history of the paper check
Over the years payment methods have evolved to include RFID chips, mobile apps, cryptocurrency and more. It’s hard to imagine that with all the advances made, paper checks are still used by millions of people every year - despite the paper check industry being an old and outdated process.
In honor of one of the world’s oldest and most enduring payment methods, we’ve put together a brief timeline of checking throughout the ages.
1st century bc
While there is some debate about the exact timing, many believe the first checking system dates back to ancient Rome. Romans would use “praescriptiones” instead of gold, similar to how we use paper checks today in place of cash.
3rd Century AD – 9th Century AD
The next major uses of checking were by merchants who felt it unsafe to travel with large sums of money. The Persian Empire created “chaks” in the 3rd century AD while Muslim traders used the “Sakk System” roughly 600 years later. Both systems issued credit notes that promised a specified amount to be paid out upon delivery of goods.
1100s – 1300s AD
Non-merchant travelers got on board with the use of checks by the early 1100s when the Knights Templar began using them for Christian pilgrimages through Europe and Israel. Again, the thought was that traveling with chests of money would attract robbers. By depositing and withdrawing funds from “charter houses” using written notes, pilgrims could lighten their loads and stay off the radar of thieves.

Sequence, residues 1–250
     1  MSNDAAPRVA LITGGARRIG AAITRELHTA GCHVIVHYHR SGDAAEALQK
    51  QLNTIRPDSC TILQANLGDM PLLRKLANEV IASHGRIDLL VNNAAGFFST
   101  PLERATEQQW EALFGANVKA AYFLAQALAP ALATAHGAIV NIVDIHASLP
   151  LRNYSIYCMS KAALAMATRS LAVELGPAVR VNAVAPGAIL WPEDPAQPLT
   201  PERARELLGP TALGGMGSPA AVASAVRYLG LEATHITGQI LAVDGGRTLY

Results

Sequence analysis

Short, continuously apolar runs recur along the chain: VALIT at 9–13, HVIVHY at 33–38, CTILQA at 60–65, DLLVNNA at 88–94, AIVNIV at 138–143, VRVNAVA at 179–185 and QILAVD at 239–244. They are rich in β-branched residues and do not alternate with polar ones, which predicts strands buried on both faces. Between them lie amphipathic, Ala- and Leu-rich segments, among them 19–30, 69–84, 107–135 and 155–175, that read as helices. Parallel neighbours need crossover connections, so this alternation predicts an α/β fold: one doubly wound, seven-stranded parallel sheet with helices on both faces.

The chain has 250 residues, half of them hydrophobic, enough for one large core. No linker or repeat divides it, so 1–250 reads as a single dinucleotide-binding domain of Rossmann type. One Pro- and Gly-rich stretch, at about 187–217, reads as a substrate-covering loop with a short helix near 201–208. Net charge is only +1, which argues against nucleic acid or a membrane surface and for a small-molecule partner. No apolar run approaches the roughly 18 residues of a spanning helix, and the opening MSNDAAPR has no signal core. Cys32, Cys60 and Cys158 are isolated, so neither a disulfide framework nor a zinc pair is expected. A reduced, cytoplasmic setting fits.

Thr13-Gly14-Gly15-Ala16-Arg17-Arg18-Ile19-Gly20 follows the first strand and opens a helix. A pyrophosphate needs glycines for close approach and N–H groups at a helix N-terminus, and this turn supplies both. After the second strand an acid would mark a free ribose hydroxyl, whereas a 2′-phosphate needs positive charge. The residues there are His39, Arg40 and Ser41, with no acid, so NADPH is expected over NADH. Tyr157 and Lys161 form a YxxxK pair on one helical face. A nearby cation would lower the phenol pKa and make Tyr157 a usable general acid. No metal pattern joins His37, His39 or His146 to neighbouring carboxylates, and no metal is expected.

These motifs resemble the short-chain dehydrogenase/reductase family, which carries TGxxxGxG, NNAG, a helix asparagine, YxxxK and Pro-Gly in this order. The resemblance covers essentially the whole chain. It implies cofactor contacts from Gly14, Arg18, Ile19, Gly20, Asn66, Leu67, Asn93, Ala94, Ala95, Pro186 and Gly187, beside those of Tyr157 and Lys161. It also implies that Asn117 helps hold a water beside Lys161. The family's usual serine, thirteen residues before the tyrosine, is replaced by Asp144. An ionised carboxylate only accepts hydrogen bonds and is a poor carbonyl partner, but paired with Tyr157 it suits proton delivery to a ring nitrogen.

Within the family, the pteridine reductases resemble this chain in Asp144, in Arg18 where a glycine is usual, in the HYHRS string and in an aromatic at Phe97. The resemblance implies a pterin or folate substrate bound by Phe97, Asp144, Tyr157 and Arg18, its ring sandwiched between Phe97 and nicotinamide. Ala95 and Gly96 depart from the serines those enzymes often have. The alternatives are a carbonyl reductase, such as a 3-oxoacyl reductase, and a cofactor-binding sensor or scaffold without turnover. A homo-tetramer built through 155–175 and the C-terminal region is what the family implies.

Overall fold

Many historians agree that the first personal checks were written in Holland during the 16th century. Amsterdam was a hotspot for traders back then, so it just made sense to have cash on hand to deal with other merchants while you were there. Seafaring merchants deposited and withdrew funds right there at the Dutch banks, and to sweeten the deal, some cashiers even allowed you to write notes that would enable them to pay funds out directly to your creditors without you being present. This over 500-years-old system was remarkably close to the system we use today.
By the 1600s checks or “cheques” had made their way to England, the US and elsewhere, but it wasn’t until the early 1700s that the first printed versions showed up. As you can imagine, handwriting bank notes opened the door to a lot of fraudulent activity over the centuries. In 1700s however, pre-printing on special check paper and the use of tracking serial numbers helped to reduce forgeries.
The first checkbooks were printed in the mid 1800s and checking systems were spreading worldwide. Many countries, such as India and the UK, began to implement stricter usage guidelines to control this growing system.
Bank of America and SRI revolutionized the banking industry in the 1950s with a system called ERMA or the Electronic Recording Method of Accounting. If you’ve ever wondered about the strange symbols and letters at the bottom of your checks, there’s a reason it makes no sense to us. That font is only readable with the help of magnetic-ink character recognition (MICR), a form of “language” ERMA used to process check information. By automating the banking industry with this dynamic duo, banks could now process over 130x more checking accounts in a day than they used to.
Modern checking accounts are accessible everywhere thanks to mobile banking and the internet. The most notable advancement of recent years was The Check Clearing for the 21st Century Act which enabled the quick and easy remote deposit we have today.
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